Fulton won the technological race to find a way to utilize steam power
for transportation when he successfully sailed the Clermont on the
Hudson River 1807. He did not solve another problem: how to make such
When we remember steamboat accidents, most of us think about boiler
explosions, which resulted from excessive pressure or faulty equipment,
or both. But the boiler was working well on the side-wheeler "Mittie
Stephens" on February 12, 1869, and did not explode: instead, a fire
burned her to the waterline in Caddo
Lake near the Texas-Louisiana border.
Steamboats became pervasive on America's inland waters during the
first half of the nineteenth century. Moving passengers and cargo
over water was also slower. But with only animal powered wagons, and
after 1837 the "iron horse" railroads as competitors, steamboats proliferated
and their owners prospered. Still, there was danger on the water.
"Mittie Stephens" came out of a shipyard in Madison, Indiana,
in 1863, in time to be a part of the effort to preserve the Union.
She served as a naval packet for a year, but after the failure of
the Red River Campaign in 1864 she was sold. Civilian owners used
her on the Missouri River and then stationed her in New Orleans. In
1866, "Mittie Stephens" began regular roundtrips between New Orleans
and Jefferson, Texas,
via the Mississippi and Red rivers and Cypress Bayou. Her last voyage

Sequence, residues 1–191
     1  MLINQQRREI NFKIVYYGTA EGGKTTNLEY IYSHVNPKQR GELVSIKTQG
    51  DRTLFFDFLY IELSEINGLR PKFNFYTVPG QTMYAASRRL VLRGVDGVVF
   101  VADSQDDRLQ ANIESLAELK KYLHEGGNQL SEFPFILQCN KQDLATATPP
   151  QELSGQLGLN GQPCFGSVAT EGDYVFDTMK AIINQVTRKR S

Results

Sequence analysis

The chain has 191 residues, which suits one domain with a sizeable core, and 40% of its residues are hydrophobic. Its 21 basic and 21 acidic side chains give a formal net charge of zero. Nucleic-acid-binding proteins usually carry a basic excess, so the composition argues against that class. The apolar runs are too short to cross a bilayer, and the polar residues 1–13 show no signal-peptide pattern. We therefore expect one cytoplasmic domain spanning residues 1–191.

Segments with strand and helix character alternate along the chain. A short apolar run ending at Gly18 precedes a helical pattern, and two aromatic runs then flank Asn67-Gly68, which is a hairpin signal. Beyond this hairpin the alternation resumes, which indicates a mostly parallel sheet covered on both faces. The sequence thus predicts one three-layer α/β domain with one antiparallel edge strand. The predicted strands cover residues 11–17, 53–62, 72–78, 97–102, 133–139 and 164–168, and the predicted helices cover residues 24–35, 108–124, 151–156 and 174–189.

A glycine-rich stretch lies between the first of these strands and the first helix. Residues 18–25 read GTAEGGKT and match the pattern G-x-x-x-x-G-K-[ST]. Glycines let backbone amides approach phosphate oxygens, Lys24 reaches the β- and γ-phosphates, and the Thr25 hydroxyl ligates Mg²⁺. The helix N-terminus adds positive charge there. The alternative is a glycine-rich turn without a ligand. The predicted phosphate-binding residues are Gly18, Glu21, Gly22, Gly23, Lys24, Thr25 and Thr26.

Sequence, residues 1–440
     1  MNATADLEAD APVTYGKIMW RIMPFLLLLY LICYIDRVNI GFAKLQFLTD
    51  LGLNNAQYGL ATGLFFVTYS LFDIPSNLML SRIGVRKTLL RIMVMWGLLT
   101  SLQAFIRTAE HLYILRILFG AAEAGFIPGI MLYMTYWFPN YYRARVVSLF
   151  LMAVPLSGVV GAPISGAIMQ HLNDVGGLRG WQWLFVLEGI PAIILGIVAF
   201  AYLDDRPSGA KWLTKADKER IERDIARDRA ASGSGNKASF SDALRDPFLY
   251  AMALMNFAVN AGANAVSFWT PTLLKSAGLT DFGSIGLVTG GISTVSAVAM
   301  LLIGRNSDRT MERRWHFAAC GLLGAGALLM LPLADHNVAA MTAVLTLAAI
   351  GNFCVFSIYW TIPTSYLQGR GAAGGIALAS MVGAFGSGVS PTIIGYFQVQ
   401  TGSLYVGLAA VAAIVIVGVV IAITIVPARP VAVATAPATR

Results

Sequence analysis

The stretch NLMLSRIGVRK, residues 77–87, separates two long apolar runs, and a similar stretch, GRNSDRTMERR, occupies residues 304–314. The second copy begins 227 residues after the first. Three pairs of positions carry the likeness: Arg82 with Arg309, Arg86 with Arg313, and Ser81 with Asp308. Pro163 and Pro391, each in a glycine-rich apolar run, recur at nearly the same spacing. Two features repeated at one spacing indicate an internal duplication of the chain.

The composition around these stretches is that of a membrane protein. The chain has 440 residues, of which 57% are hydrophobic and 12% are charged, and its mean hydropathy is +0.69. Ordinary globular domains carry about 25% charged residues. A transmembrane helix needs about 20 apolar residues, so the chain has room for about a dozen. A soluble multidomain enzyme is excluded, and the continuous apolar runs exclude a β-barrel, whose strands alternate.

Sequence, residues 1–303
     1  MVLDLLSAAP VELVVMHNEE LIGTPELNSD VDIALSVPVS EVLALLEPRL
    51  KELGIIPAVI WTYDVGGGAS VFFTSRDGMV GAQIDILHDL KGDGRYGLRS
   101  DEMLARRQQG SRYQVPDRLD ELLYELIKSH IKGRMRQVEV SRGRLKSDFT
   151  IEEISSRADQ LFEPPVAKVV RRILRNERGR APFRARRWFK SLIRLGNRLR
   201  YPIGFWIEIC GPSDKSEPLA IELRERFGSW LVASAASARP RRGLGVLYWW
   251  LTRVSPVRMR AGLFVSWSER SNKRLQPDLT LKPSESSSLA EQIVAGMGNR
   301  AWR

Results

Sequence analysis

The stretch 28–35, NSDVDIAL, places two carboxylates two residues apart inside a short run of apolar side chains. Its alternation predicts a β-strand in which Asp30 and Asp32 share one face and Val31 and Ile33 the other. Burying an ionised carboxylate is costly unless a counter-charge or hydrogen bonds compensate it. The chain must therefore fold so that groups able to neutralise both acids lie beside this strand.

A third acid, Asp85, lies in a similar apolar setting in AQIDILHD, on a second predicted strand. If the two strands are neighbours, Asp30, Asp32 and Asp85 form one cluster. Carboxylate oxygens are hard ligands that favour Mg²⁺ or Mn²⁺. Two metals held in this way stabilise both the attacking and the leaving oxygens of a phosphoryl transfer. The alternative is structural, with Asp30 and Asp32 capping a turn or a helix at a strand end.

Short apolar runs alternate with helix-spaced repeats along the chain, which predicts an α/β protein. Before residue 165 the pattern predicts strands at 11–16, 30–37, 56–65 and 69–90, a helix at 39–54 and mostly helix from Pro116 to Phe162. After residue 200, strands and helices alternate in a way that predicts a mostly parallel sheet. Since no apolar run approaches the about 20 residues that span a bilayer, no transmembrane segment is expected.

began on February 5, 1869. Seven nights later, "Mittie Stephens" steamed
on Caddo Lake near her destination
with 107 passengers and crew, plus cargo, which included hay stacked
on deck. Sparks from a torch basket located on the bow to illuminate
the ship blew in the wind to the dry hay, ignited, and a conflagration
The helmsman steered for shore but the ship "grounded." That meant
that passengers might have saved themselves by jumping overboard and
wading to shore. But the side-mounded paddlewheel kept turning in
an effort to force the ship on to shore, and many who leapt overboard
were sucked into the wheel. Sixty-one people perished.
"Mittie Stephens" burned to the water line, though parts of her, including
the bell, and some machinery, were salvaged. Her remains reminded
those who visit the lake of the danger that await those who move upon
the waters well into the twentieth century.
Things Historical Feb.
8-14, 2004 column
A syndicated column in over 40 East Texas newspapers
All Things Historical is provided as a public service by the East
Texas Historical Associaton. Archie McDonald is executive director
of the Association and author of 20 books on Texas.
Wreck of the Acadia
by Murray Montgomery
"On her first voyage, during the Civil War, the ship ran aground
near Galveston. Abandoned by her crew, the boat was discovered at
sunrise by a Union warship and destroyed. My great fishing spot is
the gravesite of the Confederate blockade-runner, Acadia."